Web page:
Written for lovers of literature interested in self-actualization, Literature: How to Read and Understand the World teaches readers how to derive principles of wisdom from literature and apply them to their lives. The book achieves this through a series of five essential steps, including identifying with literary characters, aggregating principles of wisdom from their experience, and applying those principles to readers’ lives. Along the way, the author reveals his own transformation through this process. Literature: How to Read and Understand the World will help you to enrich your life and world!
Over the next several months, I will be releasing excerpts from the book along with questions to keep readers thinking after reading the posts. If you are intrigued by what you read, please share with a friend!
Perhaps alert readers will wonder why I restricted our expressions of wisdom in my Affirmations to first-person, present tense writing: after all, isn’t this just one of many ways to express wisdom?
Of course, and the above is only the first of what I call the Five Languages of Wisdom: it is the Subjective Language, special because it allows us to at once claim our power while also relinquishing responsibility for those things we can’t control. In the Subjective Language of Wisdom, we focus on our immediate sphere of control in order to outline what we can and cannot do within that sphere, a process which usually enables us to make empowering transitions in our lives. The “I” voice best facilitates this restriction of focus, and as in earlier exercises, the present tense makes the experience both potent and immediate. However, there are at least four other Languages which both precede and succeed this founding, Subjective Language.
The first is Objective-Superficial Wisdom, which is any expression of wisdom we have received through books, television, or verbal tradition, expressions which usually contain no subject and do not arrive tailored to the situation of our lives. “Do unto others as you would have them do unto you” and “Know thyself” are great examples. Who is speaking these examples? Why should we believe them? Objective-Superficial Wisdom’s benefits are that it’s easy to memorize, repeat, and seemingly universally applicable, but these are also its drawbacks: it can just as easily be abused for the purpose of appearing smart as it can be actually internalized, broken apart, and put into practice. For instance, if a friend came to me struggling with mental health and I responded that Socrates gave the injunction to “Know thyself,” I highly doubt this exchange would help my friend; however, it would make me seem intelligent by virtue of the fact that I know an increasingly obscure referent.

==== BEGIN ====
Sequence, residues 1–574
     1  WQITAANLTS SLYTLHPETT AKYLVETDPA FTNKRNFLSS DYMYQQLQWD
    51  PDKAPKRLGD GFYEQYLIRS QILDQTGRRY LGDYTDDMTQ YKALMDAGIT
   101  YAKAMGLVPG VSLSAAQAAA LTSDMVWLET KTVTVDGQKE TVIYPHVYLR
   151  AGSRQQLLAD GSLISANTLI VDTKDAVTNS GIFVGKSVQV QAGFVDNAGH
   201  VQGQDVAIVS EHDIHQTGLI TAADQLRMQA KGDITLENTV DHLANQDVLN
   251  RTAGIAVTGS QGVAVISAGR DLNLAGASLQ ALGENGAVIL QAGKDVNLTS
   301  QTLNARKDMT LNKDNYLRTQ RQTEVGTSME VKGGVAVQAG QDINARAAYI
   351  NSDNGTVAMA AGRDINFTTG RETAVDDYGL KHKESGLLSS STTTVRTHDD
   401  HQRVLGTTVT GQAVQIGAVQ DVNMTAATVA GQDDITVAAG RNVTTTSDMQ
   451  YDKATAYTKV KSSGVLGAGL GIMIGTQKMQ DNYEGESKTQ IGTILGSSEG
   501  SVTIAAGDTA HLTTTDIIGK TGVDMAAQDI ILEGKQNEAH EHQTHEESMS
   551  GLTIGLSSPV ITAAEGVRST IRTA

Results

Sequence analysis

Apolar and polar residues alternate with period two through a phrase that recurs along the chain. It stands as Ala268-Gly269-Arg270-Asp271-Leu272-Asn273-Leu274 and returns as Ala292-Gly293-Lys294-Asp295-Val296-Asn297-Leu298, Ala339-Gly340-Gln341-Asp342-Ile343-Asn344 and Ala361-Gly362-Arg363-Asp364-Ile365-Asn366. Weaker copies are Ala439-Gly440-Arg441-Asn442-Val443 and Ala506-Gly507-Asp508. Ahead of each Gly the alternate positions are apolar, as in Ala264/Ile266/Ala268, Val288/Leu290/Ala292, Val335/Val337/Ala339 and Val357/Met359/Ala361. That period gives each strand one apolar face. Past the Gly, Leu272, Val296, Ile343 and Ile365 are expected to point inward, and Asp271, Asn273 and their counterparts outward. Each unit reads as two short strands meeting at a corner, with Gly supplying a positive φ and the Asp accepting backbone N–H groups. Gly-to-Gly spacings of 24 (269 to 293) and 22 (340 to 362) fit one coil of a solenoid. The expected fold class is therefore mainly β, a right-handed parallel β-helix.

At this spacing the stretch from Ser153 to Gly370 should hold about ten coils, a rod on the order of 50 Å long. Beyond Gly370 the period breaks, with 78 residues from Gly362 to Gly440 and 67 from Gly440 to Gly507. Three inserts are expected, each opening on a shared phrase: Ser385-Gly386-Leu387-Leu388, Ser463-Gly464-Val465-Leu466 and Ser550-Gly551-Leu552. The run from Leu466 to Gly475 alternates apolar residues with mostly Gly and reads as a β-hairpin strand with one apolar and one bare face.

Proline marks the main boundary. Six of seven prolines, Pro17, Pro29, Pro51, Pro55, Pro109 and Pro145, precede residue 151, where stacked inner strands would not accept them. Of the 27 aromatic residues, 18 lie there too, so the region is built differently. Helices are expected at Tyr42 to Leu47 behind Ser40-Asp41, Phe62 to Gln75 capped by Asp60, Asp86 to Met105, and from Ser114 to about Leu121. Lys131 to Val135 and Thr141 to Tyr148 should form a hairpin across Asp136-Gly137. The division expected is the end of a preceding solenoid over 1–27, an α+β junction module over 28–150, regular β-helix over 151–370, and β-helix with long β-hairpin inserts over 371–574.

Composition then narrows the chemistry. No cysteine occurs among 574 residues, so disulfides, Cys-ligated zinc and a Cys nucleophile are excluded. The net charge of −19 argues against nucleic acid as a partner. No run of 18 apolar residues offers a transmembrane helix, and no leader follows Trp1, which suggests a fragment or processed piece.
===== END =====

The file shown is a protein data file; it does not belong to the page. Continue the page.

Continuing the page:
After a time, Objective-Superficial Wisdom fails us, and we become convinced that all wisdom is hogwash. This is an impasse of skepticism, one we usually come to after Objective-Superficial Wisdom has landed us in a tricky situation. For instance, say we have followed the above injunction to “do unto others as we would have them do unto us,” and we realize this guarantees nothing by way of how other people will in turn treat us. For instance, we’ve been honest to someone only to find that this person lied to us. In response, we may develop a cynicism about wisdom in general, saying that it’s impossible to know anything useful about how to live, and even if it were possible, that certainly no one has bothered to tell us.
This is the terrain of the second Language of Wisdom, Self-Denying Wisdom. At first glance Self-Denying Wisdom appears to be in league with philosophical groups like the stoics and ascetics, but in fact it has more in line with so-called deadbeats or burnouts: these are people who have given up on leading a life free of pain, and say so in a language meant to draw attention to themselves. Such expressions are, “Why try? It won’t work anyway;” “This is what always happens to me;” and “That’s what they all say.” As with Objective-Superficial Wisdom, this Language might omit a subject, but it also might have one: if so, the subject will nearly always be the person emitting the Self-Denying Wisdom, usually in a self-castigating way.
Have you experimented with different ways of expressing wisdom? Have you seen or heard others do so? If so, do you have a framework of your own for the languages of wisdom? Do you think it is helpful to categorize wisdom in this way? How do you recognize wisdom when you see or hear it? For more on these topics, please follow my blog or grab a copy of the book for yourself.